History of Budva

Budva a modern town at the very edge of the Adriatic seashore - has a rich historic past. Ancient history goes back to the 5 th century BC. According to numerous legends, Budva was the first town of the Illyrians. Its first inhabitants were the King and Queen of the historically known city of Thebes King Cadmus and Queen Harmonia. Already in the 2 nd century BC, Budva fell under Roman rule. Trading had developed by that time and the inhabitants were also cultivating grapes and olives. After the destruction of the Roman Empire, a period of Byzantine rule began. The people of Budva began their fight against Byzantine rule in 535 AD and finally succeeded when the Serbian Nemanjic dynasty came to the Montenegrin coastline (1184-1186).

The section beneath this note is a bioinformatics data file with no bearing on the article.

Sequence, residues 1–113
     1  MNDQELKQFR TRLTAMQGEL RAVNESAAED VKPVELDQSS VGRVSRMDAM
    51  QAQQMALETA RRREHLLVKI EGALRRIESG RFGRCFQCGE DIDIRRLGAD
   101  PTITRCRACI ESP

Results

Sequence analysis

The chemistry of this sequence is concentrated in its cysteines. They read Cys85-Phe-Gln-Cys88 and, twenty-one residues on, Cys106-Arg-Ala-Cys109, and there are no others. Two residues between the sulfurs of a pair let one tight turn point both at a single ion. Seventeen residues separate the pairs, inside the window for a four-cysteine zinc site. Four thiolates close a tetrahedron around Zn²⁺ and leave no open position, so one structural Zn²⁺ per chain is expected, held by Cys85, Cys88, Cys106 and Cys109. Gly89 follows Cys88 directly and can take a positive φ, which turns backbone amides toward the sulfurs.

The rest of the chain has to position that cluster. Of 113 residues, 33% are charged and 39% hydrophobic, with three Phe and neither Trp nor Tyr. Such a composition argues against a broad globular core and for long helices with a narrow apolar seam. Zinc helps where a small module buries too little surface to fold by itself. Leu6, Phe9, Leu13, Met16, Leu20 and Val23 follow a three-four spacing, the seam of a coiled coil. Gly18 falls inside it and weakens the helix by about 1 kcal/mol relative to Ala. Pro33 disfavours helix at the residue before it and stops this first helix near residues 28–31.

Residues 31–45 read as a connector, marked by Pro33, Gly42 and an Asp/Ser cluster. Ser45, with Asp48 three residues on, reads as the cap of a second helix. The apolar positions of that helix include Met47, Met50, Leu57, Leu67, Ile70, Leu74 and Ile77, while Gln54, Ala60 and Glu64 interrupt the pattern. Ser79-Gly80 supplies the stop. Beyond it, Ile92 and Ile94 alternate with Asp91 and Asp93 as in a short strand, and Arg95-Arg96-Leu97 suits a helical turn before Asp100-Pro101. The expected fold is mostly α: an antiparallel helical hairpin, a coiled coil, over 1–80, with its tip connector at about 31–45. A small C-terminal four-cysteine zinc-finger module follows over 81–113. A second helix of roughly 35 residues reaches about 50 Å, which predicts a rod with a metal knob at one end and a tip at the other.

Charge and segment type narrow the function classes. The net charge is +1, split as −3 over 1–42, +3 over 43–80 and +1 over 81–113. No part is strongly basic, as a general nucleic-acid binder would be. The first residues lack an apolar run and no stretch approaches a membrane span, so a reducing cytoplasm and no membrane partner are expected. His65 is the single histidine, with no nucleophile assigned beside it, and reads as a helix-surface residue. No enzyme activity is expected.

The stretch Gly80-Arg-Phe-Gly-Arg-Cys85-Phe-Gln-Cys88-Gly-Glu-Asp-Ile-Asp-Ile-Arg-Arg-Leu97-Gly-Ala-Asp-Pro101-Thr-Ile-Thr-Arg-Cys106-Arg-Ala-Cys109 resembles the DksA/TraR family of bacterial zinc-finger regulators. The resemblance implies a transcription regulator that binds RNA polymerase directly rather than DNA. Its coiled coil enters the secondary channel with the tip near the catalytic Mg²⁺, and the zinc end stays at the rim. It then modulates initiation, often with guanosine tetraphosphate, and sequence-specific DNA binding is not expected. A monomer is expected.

The strongest growth of Budva was experienced in the Middle Ages, during the rule of Tsar Dusan. Budva even had a Statute that decreed the living conditions in the Middle Ages. Budva fell under the rule of the Venetian Republic in 1442. Apart from the pressure of the Venetians, Turks also troubled the inhabitants of Budva. They frequently attacked Budva and surrounding places and fought with the Venetians; in fact, Budva was under attack from both sides of this war, right up to beginning of 18 th century. In 1807 Budva was occupied by the French and in 1813 fell under Austro-Hungarian occupation, which ruled it for the next 100 years. Destroyed and reduced to poverty under the Austro-Hungarian rule, Budva was now at the beginning of WWI in 1914. Freedom from the Austro-Hungarian Empire finally came in 1918. This was only a short-lived break though and at the beginning of WWII, in 1941, Italy occupied Budva and its surrounding area. Liberation from Nazi rule was celebrated in Budva on November 22, 1944.